Over this weekend there’s a lot of hullabaloo in Australia over Apple’s advertising scheme for their new iPad 3. See, Australia is one of the few countries where the LTE standard is being widely deployed, and commonlg LTE is referred to as 4G. While that’s not technically correct, it is what the local networks there are billing as 4G.
Semantics aside, the local Apple fans there are making a huge fuss because they bought the iPad 3 without knowing that it wouldn’t work on their 4G networks – only those in America will work properly, and until Australia supports the 1700Mhz standard, their tablets are stuck at 3G speeds.
But that’s still acceptable, right? Even 3G is enough for Video-On-Demand services, but its a different landscape over there. 3G towers are widely deployed in the Outback, giving good signal even to the kangaroos hopping about the place. Still, buyers who were unsatisfied complained to the advertising comission about the 4G moniker. As things stand now, buyers and early adopters who even bought the tablets in the States are offered a refund by Apple, and all those customers have been send e-mails concerning the offer.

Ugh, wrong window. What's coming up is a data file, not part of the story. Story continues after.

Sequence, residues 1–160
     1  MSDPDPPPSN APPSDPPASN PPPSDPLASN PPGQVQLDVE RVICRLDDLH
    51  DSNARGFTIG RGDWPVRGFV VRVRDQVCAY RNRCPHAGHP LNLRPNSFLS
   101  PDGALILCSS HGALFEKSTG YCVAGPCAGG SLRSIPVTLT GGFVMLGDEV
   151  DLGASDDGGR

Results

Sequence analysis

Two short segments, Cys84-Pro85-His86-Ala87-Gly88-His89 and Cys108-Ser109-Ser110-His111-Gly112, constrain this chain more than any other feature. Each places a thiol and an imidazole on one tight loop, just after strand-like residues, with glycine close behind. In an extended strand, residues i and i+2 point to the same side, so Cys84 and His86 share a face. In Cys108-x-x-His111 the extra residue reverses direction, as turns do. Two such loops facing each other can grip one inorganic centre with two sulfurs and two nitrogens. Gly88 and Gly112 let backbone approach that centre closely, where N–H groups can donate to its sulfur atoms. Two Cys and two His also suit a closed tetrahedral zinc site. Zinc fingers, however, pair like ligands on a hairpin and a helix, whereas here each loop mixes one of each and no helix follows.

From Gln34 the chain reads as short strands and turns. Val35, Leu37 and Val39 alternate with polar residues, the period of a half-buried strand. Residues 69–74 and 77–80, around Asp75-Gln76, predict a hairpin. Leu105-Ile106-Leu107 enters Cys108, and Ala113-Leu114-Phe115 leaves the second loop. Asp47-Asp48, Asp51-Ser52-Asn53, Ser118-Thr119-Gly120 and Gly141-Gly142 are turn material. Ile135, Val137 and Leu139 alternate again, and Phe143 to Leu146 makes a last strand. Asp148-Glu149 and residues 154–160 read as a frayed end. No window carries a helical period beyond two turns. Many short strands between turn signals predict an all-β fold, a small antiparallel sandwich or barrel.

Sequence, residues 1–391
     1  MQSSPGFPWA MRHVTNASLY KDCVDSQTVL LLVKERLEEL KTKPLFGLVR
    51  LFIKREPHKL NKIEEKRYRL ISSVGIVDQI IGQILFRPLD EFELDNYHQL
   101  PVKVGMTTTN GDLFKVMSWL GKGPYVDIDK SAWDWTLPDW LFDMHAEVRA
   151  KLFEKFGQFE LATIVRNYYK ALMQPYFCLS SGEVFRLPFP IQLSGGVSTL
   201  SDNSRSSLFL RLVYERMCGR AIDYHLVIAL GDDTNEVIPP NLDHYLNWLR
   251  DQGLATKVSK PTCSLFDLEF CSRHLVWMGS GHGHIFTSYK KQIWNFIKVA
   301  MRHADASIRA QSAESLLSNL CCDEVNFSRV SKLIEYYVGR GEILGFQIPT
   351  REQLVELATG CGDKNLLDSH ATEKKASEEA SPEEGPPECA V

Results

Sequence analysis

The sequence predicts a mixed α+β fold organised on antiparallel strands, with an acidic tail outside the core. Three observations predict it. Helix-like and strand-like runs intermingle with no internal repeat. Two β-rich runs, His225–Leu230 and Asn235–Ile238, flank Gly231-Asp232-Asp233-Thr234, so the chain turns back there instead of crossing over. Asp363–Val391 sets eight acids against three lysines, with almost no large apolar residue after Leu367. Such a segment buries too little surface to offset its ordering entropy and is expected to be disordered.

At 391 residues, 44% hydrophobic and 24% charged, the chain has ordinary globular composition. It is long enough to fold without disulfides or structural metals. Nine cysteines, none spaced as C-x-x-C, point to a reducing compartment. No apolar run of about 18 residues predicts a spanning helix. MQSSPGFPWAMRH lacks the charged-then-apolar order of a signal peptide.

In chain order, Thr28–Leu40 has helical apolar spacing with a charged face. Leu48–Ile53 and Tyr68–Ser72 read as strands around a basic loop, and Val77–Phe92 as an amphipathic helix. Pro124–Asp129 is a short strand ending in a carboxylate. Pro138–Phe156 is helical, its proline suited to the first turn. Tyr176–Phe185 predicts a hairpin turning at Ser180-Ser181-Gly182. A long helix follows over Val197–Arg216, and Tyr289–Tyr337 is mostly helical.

But what’s really interesting about the whole escapade? Under the reign of Steve Jobs, the company wouldn’t have made such a stupid blunder. The Apple that Jobs pushed to the public was meticulous and had great attention to detail, but so far has failed twice to meet public expectations. I hope for their sake that this isn’t the first in a line of mistakes that will eventually snowball the company back to its pre-1997 state of delirium.